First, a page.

We all remember Freakonomics. Even if you’re not an economist and have never worked in the field, you probably remember when the book was released in 2005 and took the world by storm. It’s certainly not easy to meld a subject like economics without modern pop culture, but Steven D. Levitt and Stephen J. Dubner did exactly that, creating a book that was truly the first of its kind.
Their masterful way of discussing important economic elements and theories and applying them to non-economic, real world subject matters made a subject that might bore some people seem interesting. Despite the many humorous quips and quotations, all their work with economic theory and analysis holds together perfectly and make sense, such as “The Socioeconomic Pattern of Naming Children.” In some ways, Levitt and Dubner’s work reminded me of Bill Bryson’s A Short History of Nearly Everything. In its 2009 follow-up, SuperFreakonomics, we readers were reminded why we praised its predecessor so highly. SuperFreakonomics continued the work that Levitt and Dubner had previously done, covering topics such as selling services to a larger market (as it related to pimps and real estate brokers) and whether or not we could (or should) train primates to use money, to name just a few.
Think Like a Freak followed SuperFreakonomics and it has just been followed by When to Rob a Bank…And 13 More Warped Suggestions and Well-Intended Rants. Crime seems to be a favorite topic for Levitt and Dubner, who discussed the “economics of drug dealing” in Freakonomics, a study in which they concluded that crack cocaine dealers frequently have “surprisingly low earnings” and “abject working conditions.” As they state in the chapter introduction “Our love of crime almost landed us on network TV, almost got one of us sent to Guantanamo Bay and did inspire the title of this book” They do advise against actually robbing a bank, though, at least from an economists’ perspective, as they claim the return-on-investments are not good.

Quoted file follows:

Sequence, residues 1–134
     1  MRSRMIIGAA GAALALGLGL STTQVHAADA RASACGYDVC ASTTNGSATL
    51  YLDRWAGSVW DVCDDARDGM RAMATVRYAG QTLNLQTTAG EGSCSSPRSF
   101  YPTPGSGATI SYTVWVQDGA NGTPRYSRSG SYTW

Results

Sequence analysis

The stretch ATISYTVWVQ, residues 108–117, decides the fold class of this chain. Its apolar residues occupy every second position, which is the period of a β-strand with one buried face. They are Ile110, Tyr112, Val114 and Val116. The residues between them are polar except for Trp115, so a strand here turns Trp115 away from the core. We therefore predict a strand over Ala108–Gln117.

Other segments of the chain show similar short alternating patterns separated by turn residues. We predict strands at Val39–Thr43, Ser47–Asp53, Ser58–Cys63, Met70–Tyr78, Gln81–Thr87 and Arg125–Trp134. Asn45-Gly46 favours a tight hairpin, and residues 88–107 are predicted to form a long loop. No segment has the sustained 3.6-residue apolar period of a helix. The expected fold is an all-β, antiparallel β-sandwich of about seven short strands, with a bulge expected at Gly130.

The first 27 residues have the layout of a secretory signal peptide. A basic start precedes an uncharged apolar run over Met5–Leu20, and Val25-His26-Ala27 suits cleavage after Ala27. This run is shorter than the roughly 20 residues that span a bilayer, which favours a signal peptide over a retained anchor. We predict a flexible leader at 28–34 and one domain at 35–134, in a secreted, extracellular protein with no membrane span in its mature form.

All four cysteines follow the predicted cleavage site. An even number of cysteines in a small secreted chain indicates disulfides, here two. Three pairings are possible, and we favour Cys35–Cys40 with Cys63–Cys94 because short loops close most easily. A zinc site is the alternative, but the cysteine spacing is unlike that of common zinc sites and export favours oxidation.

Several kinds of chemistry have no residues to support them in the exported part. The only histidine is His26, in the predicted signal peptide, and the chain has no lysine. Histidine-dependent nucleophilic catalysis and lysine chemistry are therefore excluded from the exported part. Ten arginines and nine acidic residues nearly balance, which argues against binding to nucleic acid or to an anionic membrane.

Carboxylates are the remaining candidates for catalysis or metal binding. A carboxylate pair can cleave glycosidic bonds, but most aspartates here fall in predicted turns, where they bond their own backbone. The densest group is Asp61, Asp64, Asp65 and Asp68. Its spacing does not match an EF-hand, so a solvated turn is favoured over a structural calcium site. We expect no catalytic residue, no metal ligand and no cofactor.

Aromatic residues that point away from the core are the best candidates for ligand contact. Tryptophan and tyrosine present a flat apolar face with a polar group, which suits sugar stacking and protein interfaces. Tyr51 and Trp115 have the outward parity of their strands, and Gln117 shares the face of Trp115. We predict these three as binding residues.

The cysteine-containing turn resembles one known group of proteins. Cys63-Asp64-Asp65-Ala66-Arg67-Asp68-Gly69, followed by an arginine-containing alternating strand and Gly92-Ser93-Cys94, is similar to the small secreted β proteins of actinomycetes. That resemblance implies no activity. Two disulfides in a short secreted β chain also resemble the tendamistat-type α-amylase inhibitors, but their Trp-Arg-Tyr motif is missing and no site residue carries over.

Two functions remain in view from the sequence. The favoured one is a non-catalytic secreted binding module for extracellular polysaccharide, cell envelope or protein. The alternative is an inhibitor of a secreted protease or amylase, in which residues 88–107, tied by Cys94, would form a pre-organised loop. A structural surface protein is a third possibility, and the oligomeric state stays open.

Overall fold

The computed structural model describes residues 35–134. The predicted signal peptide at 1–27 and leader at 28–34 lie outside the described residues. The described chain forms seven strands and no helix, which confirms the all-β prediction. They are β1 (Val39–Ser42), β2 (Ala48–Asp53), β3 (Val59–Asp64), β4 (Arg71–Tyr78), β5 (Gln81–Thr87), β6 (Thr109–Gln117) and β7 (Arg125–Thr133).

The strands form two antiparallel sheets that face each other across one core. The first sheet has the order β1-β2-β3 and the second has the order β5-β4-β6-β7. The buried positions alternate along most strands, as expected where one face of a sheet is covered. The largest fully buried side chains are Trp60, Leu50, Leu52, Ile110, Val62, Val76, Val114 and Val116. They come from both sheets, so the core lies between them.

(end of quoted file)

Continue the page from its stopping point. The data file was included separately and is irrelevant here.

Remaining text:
The book is a collection of posts from their popular Freakonomics blog, which they explain in the introduction, comparing the publication of their book to bottles of war. Reading that they’ve just purchased something you could get for free is enough to make anyone feel foolish, but still, keep them curious enough to keep reading. By the end, readers have discovered many things, including that like all three Freakonomics books before it, When to Rob a Bank ultimate argues that economics is very much a study of incentives, above everything else. It also raises some excellent questions that you’ve probably never considered before, such as why we don’t tip flight attendants. If you’ve yet to read this newest installment in the groundbreaking series, it’s absolutely worth a read. If you haven’t read any of the previous books, it’s still absolutely worth reading. You’ll learn a lot about economics and when you’re done, you’ll probably want to go back and read the first three.
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